Interview with Mark Cassell, author of ‘Hell Cat of the Holt’
We recently reviewed the wonderful supernatural horror novel, Hell Cat of the Holt, part of the Shadow Fabric mythos, from talented author Mark Cassell. The story centers around a shy accountant named Anne who returns to the village of Mabley Holt to piece together her life after a family tragedy. When her cat vanishes, and a neighbor claims to speak with his dead wife, she soon learns there’s more to the village than any resident dares admit. In search of her beloved pet, she discovers not only family secrets but also revelations of a local legend.
We found this to be a very entertaining read, and we were thrilled to speak with Mark about the novella and his love of the horror genre.
8 QUESTIONS FOR AUTHOR MARK CASSELL
A simple fascination, and I’ve always known that I’d one day write something about them. Big cat sightings have been reported across the globe, rooted in local legends for centuries. For me, having owned a black cat myself (we’re talking the domestic kind, of course) I thought I’d introduce one into the Shadow Fabric mythos. And he’s fit right in.
2. The fictional village of Mabley Holt reminded me of “Lovecraft Country,” the New England setting of many of Lovecraft’s stories. What inspired you to create Mabley Holt rather than base the novella in a real village?
Creating a fictional location opens up many possibilities, and that’s why Mabley Holt is where most of my debut novel, The Shadow Fabric, is set. I’ll admit that it’s based on a small village in the English countryside where I once lived. Many of my mythos stories take place there, and so when it came to plotting Hell Cat of the Holt, it was a no-brainer. There is much more to tell about the Holt. I’ve only begun to scrape the surface, and it’s what lies beneath the surrounding countryside where more stories will unfold.
3. As a literary genre, the novella is a rarity in the publishing market. Was it a conscious decision to write Hell Cat of the Holt as a novella? If so, what are the advantages of doing so?
Not a conscious effort, although I knew the concept was beyond a short story. Perhaps I was aiming for something a little longer but by the time the plot rolled out, I knew precisely where the end should be. Certainly there are leftover ideas which could have been used for subplots, but they will at some point become short stories. Or another novella. Or novel, for that matter. Who knows?
Sadly, I’ve recently read a few novels that should have been novellas. Likewise, I’ve come across novellas that should’ve been short stories. I do not want to make that mistake by padding out my work.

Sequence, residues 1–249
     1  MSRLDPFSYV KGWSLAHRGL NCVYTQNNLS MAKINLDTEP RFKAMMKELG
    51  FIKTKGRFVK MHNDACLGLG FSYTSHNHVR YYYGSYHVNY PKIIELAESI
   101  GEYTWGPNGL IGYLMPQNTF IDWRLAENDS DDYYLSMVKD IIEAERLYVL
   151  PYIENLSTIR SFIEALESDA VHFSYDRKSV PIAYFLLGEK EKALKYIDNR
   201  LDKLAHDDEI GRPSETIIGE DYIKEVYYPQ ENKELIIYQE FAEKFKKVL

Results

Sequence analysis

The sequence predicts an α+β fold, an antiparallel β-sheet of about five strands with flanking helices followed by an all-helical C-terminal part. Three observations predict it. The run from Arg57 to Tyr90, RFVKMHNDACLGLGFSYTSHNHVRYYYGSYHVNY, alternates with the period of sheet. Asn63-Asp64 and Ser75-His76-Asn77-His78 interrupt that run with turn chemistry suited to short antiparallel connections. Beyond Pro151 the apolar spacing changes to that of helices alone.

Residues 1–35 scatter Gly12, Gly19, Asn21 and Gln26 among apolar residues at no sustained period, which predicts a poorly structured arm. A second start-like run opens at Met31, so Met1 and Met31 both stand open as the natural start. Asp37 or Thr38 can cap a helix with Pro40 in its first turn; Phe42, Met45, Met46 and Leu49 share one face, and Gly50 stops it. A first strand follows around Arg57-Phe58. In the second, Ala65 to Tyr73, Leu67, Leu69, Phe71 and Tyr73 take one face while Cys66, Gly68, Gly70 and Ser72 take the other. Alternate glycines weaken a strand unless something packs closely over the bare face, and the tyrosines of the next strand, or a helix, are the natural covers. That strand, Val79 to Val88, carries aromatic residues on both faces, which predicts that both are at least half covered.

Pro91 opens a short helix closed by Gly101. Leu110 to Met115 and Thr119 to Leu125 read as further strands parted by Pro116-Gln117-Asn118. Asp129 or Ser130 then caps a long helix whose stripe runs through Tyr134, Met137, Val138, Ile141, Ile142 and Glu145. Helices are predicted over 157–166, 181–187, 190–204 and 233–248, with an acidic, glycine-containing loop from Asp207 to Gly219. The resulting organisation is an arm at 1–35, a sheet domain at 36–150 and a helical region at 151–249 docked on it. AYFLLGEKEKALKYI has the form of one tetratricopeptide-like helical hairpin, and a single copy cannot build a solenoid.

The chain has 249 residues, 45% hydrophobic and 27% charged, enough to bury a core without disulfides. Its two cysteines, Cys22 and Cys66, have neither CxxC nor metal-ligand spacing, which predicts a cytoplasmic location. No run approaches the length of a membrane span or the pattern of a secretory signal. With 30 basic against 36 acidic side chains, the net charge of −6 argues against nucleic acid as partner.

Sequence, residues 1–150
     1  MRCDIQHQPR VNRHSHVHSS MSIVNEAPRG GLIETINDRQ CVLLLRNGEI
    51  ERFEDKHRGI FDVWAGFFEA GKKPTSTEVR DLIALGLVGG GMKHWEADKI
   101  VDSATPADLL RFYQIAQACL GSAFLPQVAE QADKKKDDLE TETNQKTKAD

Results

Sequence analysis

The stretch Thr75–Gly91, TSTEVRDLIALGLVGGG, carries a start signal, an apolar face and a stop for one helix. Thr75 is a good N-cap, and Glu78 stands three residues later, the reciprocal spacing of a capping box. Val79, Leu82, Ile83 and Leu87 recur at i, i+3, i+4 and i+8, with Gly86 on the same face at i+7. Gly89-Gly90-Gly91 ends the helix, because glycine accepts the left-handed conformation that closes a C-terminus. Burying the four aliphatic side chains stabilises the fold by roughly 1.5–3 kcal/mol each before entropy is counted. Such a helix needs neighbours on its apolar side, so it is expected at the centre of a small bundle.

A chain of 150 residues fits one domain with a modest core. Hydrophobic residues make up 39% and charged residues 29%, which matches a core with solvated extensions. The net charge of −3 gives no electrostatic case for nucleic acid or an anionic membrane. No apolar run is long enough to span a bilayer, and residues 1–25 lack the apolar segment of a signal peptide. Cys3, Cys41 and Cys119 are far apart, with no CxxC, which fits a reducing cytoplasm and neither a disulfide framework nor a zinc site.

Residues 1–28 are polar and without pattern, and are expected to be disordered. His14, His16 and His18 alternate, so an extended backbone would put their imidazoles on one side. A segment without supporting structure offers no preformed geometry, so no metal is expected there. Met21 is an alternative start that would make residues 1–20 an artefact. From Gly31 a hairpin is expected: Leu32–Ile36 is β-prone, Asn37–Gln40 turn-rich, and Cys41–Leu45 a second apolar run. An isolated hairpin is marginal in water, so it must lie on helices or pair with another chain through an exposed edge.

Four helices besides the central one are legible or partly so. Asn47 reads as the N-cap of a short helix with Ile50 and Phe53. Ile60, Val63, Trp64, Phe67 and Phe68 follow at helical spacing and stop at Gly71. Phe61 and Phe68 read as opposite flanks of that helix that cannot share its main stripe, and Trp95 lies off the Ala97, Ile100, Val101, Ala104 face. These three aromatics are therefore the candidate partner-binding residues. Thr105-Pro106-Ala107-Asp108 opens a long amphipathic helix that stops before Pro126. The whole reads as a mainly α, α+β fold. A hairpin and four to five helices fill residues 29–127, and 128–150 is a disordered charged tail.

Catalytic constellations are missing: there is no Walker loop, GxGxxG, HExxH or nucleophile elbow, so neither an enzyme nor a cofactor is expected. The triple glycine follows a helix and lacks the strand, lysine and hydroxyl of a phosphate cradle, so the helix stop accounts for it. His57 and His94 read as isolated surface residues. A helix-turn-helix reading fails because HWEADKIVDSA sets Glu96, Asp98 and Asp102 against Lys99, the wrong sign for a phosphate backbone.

4. What can readers expect within the Shadow Fabric mythos? Are there more short stories, novellas, or novels to come?
Always. Two mythos stories are set to be released in upcoming anthologies, and I’m finally plotting the sequel to The Shadow Fabric. Plus, I’m writing another (probably) a novella called The Devil’s Skull.
5. What is it about the genre that attracts you?
Dark fantasy and horror has always been like a magnet. And the darker side of science fiction and fantasy. Whether it’s alien horror or supernatural horror, it does it for me. Not mankind’s horror, you know? I don’t do gratuitous gore or graphic violence. I’m talking about the horror that exists on the other side of what we can see.
6. When did your love of the genre first develop, and what authors/books first inspired you to start writing?
Back when I was a teenager, James Herbert kicked my love for horror into overdrive with his novel, Magic Cottage. Also, Clive Barker’s early work like Weaveworld and The Damnation Game, and later Imajica truly inspired me. Alongside Brian Lumley’s incredible Necroscope series, I’d say these three British authors led me down the dark path I now tread.
7. What book(s) are you currently reading? Are there any horror novels you’ve read recently you recommend to our readers?
This carries on from your previous question: I’m currently reading Herbert’s Shrine, a tale about a deaf-mute girl who unexpectedly speaks after seeing an apparition. For a recommendation, I’m still riding the excitement of Paul Kane’s Sherlock Holmes and the Servants of Hell, a 380-page stonker that throws the classic detective into Clive Barker’s Hellraiser world.
8. If readers are just now discovering you, which of your books would you recommend they read next and why? Do you have a personal favorite?
If you’re looking for a novel, then I’d suggest The Shadow Fabric. However, when I attend conventions many people snatch up Sinister Stitches. It’s a collection of short stories in the Shadow Fabric mythos and gives a broad view across the unravelling landscape of the Shadow Fabric mythos.
HELL CAT OF THE HOLT – a novella in the Shadow Fabric mythos
ABOUT MARK CASSELL:
Mark Cassell lives in a rural part of the UK where he often dreams of dystopian futures, peculiar creatures, and flitting shadows. Primarily a horror writer, his steampunk, dark fantasy, and SF stories have featured in several anthologies and ezines. His best-selling debut novel THE SHADOW FABRIC is closely followed by the popular short story collection SINISTER STITCHES and are both only a fraction of an expanding mythos of demons, devices, and deceit.
Mark Cassell’s 2017 release HELL CAT OF THE HOLT further explores the Shadow Fabric mythos with ghosts and black cat legends.
The dystopian sci-fi short story collection CHAOS HALO 1.0: ALPHA BETA GAMMA KILL is in association with Future Chronicles Photography where he works closely with their models and cosplayers.